It’s possible that Moonrise Kingdom isn’t your kind of film. It’s possible that you’ve never been on an adventure, or wanted to be. It’s possible that you’ve never been in love, or wanted to be. It’s possible that you’ve never been a child, or wanted to be one again. These are all good reasons to not see Moonrise Kingdom. The idea – the fear – that Moonrise Kingdom might be “quirky” or “kooky” or “whimsical” or “twee” or “hipster”? That is not a reason not to see Moonrise Kingdom.
Possibly, Moonrise Kingdom, the new movie from Wes Anderson (Bottle Rocket, The Royal Tenenbaums, Fantastic Mr Fox etc), is all of those things: but none of those things really matter. Moonrise Kingdom is – among many, many things – an education in the fact that “quirk” is at most an aesthetic, a style, and not an essence. The film is quirky, but quirk isn’t the point: the film is beautiful and sad, light-hearted and black-hearted, subtle and nuanced and yet heartbreakingly direct and earnest. It is all these things because its central characters Sam and Suzy (newcomers Jared Gilman and Kara Hayward) are all these things.
12-year old Sam and Suzy live in 1965 on the island of New Penzance, off the New England coast. New Penzance is story-sized: big enough for wilderness and adventures, small enough that every who lives on it gets to be part of the plot. A year after a chance meeting and a flood of correspondence, Sam and Suzy decide to run away, he from his scout troop, she from her dysfunctional lighthouse-dwelling family. He brings a miniature canoe and a tent: she brings stolen library books and a kitten.
Sam and Suzy speak with the awkward ultra-sincerity of precocious children echoing half-understood books and movies, and thus come out with some of the most convincing child acting you will see (especially if you yourself ever were like that). They are in love, and aren’t quite sure how to be, and if you need any proof that this film is far more nuanced and emotionally intelligent than people are going to say, you need only look at the sensitivity with which it treats child sexuality.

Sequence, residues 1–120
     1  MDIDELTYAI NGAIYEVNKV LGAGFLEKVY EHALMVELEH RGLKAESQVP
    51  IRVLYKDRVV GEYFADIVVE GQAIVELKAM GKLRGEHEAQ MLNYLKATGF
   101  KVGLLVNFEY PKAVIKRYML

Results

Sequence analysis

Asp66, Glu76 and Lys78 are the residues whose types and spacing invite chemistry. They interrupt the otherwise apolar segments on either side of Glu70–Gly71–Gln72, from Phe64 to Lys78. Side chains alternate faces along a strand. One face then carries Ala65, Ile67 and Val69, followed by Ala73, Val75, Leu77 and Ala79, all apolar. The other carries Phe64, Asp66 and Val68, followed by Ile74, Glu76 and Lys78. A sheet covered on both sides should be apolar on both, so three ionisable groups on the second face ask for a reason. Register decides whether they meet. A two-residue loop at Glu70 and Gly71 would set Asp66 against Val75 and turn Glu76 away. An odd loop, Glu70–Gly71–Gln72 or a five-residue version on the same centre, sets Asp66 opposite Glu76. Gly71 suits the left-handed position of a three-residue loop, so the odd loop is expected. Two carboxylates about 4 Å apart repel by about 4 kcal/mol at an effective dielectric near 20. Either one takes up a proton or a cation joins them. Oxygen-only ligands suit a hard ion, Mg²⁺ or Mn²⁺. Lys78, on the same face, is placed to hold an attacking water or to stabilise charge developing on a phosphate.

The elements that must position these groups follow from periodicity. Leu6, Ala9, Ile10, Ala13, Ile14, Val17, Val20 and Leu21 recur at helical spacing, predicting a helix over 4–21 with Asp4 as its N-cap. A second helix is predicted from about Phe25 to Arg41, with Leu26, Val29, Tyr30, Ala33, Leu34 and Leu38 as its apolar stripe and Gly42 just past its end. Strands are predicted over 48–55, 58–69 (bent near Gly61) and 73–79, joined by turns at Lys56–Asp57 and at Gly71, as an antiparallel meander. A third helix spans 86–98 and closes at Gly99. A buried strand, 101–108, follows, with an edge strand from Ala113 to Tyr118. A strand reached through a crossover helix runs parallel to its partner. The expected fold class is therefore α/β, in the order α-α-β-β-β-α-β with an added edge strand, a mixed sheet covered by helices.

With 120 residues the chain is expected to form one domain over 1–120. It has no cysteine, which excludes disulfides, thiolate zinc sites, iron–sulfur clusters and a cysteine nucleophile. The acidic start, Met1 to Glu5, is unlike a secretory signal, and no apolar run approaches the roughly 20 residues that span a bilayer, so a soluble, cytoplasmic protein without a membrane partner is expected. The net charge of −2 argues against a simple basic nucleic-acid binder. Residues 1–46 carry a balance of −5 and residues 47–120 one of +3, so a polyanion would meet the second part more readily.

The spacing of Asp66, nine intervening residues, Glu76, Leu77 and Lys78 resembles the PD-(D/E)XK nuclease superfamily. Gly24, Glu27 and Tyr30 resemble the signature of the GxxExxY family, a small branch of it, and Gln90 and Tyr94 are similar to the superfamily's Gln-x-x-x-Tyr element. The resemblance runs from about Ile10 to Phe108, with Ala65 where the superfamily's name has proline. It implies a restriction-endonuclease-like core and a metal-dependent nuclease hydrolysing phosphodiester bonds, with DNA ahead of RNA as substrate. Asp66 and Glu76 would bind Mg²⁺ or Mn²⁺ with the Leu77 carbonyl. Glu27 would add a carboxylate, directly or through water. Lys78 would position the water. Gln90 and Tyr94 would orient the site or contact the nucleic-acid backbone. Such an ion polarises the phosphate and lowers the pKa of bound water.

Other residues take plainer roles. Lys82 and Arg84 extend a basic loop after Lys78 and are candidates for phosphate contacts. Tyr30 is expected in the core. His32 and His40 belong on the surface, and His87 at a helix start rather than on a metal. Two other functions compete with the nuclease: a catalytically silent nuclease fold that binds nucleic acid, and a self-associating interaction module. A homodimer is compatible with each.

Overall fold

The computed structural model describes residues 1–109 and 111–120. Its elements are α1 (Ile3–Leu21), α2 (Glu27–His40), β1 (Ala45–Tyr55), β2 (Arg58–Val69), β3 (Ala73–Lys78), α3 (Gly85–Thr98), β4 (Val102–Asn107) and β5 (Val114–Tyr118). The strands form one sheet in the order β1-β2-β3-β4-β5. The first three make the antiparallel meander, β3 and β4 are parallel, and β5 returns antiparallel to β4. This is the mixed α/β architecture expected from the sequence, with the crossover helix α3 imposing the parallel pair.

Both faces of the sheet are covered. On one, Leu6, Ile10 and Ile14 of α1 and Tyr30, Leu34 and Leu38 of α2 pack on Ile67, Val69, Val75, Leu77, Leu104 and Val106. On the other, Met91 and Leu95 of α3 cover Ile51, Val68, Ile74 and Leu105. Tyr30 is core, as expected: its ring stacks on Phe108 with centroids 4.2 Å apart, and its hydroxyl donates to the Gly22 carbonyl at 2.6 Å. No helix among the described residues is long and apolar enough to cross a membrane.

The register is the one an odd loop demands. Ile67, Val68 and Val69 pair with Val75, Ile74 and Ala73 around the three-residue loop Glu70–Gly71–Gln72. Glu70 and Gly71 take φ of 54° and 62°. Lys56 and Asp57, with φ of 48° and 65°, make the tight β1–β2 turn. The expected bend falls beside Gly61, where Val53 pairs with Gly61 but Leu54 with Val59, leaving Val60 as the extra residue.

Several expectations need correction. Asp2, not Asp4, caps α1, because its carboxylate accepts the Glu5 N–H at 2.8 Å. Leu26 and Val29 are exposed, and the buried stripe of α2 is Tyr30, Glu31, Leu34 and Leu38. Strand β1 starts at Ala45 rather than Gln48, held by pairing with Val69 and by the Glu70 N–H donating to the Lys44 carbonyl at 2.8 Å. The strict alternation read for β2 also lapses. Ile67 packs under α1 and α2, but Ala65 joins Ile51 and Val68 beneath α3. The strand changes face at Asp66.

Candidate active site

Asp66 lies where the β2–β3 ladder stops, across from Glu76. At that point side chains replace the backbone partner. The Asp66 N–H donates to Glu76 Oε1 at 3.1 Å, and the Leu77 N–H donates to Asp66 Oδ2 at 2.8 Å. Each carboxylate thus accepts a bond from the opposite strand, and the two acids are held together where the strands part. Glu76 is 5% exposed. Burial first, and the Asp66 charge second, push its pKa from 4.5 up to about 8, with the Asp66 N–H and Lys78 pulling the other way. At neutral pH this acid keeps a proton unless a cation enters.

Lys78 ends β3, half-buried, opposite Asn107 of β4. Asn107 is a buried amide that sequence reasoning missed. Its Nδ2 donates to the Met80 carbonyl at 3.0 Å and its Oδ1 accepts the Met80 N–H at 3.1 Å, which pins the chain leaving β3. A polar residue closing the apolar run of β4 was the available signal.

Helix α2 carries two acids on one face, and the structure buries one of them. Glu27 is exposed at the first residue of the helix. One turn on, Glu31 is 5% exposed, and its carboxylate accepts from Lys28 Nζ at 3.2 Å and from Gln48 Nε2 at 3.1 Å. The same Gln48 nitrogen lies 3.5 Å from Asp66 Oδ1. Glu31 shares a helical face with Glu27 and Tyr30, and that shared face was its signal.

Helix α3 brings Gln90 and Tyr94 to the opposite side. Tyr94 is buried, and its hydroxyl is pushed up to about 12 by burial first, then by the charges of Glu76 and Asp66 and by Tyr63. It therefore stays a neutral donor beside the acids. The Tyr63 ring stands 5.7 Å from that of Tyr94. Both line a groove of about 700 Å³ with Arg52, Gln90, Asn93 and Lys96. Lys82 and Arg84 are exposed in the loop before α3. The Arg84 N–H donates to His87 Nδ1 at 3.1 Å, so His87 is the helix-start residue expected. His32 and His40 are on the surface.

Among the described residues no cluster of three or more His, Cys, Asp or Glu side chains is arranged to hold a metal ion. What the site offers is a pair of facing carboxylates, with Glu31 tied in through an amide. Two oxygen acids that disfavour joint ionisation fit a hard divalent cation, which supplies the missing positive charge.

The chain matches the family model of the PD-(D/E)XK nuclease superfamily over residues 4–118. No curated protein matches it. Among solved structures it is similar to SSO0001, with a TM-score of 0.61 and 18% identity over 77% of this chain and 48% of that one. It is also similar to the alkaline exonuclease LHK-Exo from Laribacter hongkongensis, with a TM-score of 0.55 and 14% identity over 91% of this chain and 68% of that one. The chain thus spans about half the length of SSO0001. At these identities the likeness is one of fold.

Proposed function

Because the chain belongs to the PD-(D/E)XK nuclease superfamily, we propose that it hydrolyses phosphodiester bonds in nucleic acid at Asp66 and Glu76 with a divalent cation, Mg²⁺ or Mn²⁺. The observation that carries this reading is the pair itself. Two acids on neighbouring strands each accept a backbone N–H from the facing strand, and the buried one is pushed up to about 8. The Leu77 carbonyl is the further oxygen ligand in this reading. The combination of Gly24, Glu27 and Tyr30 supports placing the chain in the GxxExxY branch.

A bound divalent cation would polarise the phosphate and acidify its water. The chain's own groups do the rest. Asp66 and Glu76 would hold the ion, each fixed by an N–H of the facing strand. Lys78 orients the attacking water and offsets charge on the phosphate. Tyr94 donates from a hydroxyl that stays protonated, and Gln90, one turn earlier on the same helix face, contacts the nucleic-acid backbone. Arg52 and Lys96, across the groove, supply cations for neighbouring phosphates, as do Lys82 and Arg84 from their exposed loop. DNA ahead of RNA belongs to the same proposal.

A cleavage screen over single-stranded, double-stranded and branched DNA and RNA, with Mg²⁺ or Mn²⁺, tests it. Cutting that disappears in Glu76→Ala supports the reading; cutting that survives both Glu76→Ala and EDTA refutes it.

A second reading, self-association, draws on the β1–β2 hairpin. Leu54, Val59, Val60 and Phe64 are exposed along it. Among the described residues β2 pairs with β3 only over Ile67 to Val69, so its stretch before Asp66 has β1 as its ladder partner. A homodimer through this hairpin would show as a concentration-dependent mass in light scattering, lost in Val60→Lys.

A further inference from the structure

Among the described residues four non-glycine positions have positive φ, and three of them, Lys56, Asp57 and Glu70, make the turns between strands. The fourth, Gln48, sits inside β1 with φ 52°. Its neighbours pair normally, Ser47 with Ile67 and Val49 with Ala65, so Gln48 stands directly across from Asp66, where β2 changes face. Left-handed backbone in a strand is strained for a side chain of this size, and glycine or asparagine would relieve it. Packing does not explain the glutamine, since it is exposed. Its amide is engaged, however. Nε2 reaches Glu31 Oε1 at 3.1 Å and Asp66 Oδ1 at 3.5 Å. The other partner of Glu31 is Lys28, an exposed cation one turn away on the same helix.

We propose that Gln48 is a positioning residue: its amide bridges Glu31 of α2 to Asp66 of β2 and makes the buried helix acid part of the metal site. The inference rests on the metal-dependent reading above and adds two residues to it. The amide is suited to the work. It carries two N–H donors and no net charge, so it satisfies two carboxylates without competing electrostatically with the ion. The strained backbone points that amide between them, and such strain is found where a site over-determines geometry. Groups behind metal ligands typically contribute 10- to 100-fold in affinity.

But of course it wouldn’t be running away without someone coming after you, and in this case it is most of the island: Suzy’s lawyer parents, (Frances McDormand and Bill Murray), Sam’s frustrated scoutmaster (Edward Norton), the island’s lonely only cop (Bruce Willis) and eventually the terrifying woman known only as Social Services (Tilda Swinton). The local adults are sad and lost and frequently very funny, and with a cast like that how could they not be? All the while a literal storm is brewing around the island, and when it hits everything comes catastrophically together.
Moonrise Kingdom is extraordinary. It is shot with the same self-conscious seriousness of its protagonists and dipped in the colours of September in New England, accompanied by Benjamin Britten, Hank Williams and Francoise Hardy and filled with tiny touches of visual brilliance. It has humour and sadness and seems both original and timeless. Above all, it is ringingly free of the all-consuming irony that people think of when they think of “quirk” and “twee” and “hipsters”. It is a film from the heart, and it is your kind of film.
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Moonrise Kingdom Trailer